Plant each clove about 5cms deep and 10-15cms apart this will largely depend on how much room you have to plant in. Remember if a garlic bulb when it is harvested is the size of a base of coffee cup then allow for that much room in between planting to ensure they grow, get the sunshine and the rain.  Make sure the pointy end is sticking up and the flat, root end down (base plate). All healthy, disease-free cloves can be used to grow new bulbs, but as common sense dictates good-sized cloves will grow into good-sized bulbs. Really large cloves are prone to spitting (forming two small plants). If space is an issue plant the best cloves first and save the rest for dinner. Feel free to use them in the recipe l just posted for the Winter Fennel Salad or throw it into some spaghetti sauce. Yum!  Use a cluster or circular planting method, or in lines so you know whats a weed and what's garlic. Or even try planting them in the garden amongst your flowers or in some large pots or tough tubs with drilled holes in the bottom. You don't need a lot of room to grow your own veggies. My little front garden veggie patch is a testament to that. 
Remember It’s also time to plant spring onion seed. It’s black, angular and very attractive. Sow it thickly like grass seed. Then cover with some potash (also found at Bunnings), because it loves it. And finish with a thick layer of dolomite limestone because they love an alkaline soil too. I often plant Spring onion seeds and garlic close together as they require time to grow. I plant the spring onion seeds in a line next to the garlic and harvest the spring onions when l need it. Spring onions take less time to grow so they are great for kids to grow because they don't have to wait so long.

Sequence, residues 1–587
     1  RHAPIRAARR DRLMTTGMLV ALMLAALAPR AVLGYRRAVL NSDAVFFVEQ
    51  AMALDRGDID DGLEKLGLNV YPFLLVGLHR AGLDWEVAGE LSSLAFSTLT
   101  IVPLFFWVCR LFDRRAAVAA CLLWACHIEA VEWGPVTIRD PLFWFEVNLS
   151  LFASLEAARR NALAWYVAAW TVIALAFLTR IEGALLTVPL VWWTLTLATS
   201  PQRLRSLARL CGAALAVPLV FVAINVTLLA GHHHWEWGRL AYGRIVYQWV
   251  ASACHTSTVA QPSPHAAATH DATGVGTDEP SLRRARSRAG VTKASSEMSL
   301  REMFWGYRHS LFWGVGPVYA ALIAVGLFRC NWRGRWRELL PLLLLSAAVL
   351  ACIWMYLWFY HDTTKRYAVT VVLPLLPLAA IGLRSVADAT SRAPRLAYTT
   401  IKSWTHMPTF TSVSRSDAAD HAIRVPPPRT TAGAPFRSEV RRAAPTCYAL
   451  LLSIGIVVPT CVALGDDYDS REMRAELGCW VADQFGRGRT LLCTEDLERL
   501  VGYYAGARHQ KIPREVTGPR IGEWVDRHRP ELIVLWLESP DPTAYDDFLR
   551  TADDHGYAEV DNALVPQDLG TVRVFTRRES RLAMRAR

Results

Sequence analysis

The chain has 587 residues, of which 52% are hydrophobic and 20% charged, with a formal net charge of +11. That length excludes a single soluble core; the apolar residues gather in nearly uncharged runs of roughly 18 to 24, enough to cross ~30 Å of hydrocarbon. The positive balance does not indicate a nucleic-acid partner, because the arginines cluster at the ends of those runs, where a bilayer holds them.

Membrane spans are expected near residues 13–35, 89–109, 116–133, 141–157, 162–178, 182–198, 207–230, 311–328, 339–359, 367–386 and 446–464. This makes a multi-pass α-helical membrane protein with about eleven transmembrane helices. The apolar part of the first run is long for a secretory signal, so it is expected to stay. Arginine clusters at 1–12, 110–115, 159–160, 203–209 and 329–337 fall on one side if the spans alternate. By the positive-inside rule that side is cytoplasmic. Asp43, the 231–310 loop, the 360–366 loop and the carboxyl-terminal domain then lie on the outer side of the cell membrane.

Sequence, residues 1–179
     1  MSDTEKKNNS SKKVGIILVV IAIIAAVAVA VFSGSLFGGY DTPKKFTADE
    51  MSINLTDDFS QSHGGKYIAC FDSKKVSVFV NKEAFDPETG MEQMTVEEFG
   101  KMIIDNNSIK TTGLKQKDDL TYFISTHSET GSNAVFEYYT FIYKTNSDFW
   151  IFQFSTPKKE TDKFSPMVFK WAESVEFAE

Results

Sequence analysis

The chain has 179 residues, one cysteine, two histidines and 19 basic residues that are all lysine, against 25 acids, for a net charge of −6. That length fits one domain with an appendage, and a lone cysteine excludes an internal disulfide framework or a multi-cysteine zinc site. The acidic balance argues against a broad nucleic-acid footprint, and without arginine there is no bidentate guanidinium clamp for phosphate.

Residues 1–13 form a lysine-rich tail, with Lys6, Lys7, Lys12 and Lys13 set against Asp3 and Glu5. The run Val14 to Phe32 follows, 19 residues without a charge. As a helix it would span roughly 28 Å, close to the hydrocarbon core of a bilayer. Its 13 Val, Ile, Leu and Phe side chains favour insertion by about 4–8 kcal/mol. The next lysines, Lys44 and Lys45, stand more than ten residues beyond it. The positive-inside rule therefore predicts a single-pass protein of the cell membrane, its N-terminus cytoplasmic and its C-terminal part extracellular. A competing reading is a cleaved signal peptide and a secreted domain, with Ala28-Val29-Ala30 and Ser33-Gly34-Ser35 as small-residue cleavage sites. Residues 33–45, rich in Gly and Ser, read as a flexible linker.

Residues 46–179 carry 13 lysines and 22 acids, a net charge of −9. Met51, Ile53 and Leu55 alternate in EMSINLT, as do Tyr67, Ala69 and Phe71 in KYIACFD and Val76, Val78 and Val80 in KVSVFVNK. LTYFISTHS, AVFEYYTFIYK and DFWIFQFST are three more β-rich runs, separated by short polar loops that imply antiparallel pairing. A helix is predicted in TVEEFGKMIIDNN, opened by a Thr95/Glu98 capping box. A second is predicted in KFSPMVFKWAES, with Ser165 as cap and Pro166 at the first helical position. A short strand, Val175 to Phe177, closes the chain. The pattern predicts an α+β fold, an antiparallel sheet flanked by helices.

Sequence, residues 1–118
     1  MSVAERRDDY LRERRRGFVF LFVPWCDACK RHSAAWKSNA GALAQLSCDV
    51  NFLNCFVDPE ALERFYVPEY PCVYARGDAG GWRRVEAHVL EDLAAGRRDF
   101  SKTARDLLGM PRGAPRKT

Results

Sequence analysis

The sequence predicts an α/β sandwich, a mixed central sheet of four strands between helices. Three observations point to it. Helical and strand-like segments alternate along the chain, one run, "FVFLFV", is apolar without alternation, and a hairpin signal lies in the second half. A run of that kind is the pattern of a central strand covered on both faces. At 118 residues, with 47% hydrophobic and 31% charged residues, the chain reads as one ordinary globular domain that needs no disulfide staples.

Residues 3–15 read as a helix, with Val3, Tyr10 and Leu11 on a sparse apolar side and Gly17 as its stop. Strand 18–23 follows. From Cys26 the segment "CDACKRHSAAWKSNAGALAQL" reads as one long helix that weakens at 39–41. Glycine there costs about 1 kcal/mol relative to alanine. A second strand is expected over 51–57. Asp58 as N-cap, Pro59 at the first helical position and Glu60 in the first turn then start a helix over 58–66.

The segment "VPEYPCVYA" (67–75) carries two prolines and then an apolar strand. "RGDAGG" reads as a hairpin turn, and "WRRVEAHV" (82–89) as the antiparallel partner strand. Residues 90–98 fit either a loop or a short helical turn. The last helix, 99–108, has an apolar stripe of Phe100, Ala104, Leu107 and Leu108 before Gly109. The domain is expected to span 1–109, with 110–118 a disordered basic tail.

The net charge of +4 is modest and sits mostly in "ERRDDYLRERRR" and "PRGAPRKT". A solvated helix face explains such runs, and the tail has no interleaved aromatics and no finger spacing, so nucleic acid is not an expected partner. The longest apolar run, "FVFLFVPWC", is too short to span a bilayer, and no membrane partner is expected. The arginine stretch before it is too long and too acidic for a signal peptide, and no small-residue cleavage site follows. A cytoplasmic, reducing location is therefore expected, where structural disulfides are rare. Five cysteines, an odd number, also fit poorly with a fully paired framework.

Once you have planted your garlic cloves and/or your spring onion seeds, cover with soil, add a layer of straw or sugar cane mulch or leaves and dried grass clippings. It's important to really cover the ground you have just planted out with mulch to protect the bulbs over winter.  As the garlic grows you'll notice green shoots and then leaves forming above the ground. This is a great sign that all is going well. Let them continue to grow and reach for the sky. At the community gardens where l use to have a plot some Italians would cut an inch or two of the garlic leaves when they grow tall with shears to promote bulb growth. You can experiment in your garlic crop during the year by doing half this Italian way and the other half growing naturally and see if it makes a difference. 
Garlic takes several months to grow to maturity. You know when to harvest it as the green tops of the garlic plant dry off and die around Springtime. You just use your hands to harvest the whole bulb when it's ready. Sometimes it helps to do harvesting after a light rain, using your fingers to pull out the bulb or you can use a hand shovel or large spoon to give you some leverage. I often string these up and give them as Christmas presents to the family. I planted 100 plants last year and we all still have some. I kept a string of garlic for replanting this year and that way l will always have some to eat and to grow.

Now go back inside and forget about it until springtime.
Happy gardening.

x Mummafox